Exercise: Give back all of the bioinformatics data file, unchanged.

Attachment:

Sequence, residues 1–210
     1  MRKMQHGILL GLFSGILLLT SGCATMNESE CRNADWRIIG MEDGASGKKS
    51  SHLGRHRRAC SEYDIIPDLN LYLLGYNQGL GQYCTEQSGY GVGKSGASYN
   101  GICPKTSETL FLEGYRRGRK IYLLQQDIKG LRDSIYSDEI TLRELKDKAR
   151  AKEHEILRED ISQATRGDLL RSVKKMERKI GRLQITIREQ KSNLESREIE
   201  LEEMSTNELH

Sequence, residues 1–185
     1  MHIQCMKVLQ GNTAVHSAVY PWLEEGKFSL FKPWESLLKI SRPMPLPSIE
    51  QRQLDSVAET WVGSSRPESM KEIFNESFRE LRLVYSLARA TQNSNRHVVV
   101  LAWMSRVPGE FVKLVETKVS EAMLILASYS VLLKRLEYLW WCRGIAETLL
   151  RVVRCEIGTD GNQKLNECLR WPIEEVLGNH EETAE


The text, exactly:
Sequence, residues 1–210
     1  MRKMQHGILL GLFSGILLLT SGCATMNESE CRNADWRIIG MEDGASGKKS
    51  SHLGRHRRAC SEYDIIPDLN LYLLGYNQGL GQYCTEQSGY GVGKSGASYN
   101  GICPKTSETL FLEGYRRGRK IYLLQQDIKG LRDSIYSDEI TLRELKDKAR
   151  AKEHEILRED ISQATRGDLL RSVKKMERKI GRLQITIREQ KSNLESREIE
   201  LEEMSTNELH

Sequence, residues 1–185
     1  MHIQCMKVLQ GNTAVHSAVY PWLEEGKFSL FKPWESLLKI SRPMPLPSIE
    51  QRQLDSVAET WVGSSRPESM KEIFNESFRE LRLVYSLARA TQNSNRHVVV
   101  LAWMSRVPGE FVKLVETKVS EAMLILASYS VLLKRLEYLW WCRGIAETLL
   151  RVVRCEIGTD GNQKLNECLR WPIEEVLGNH EETAE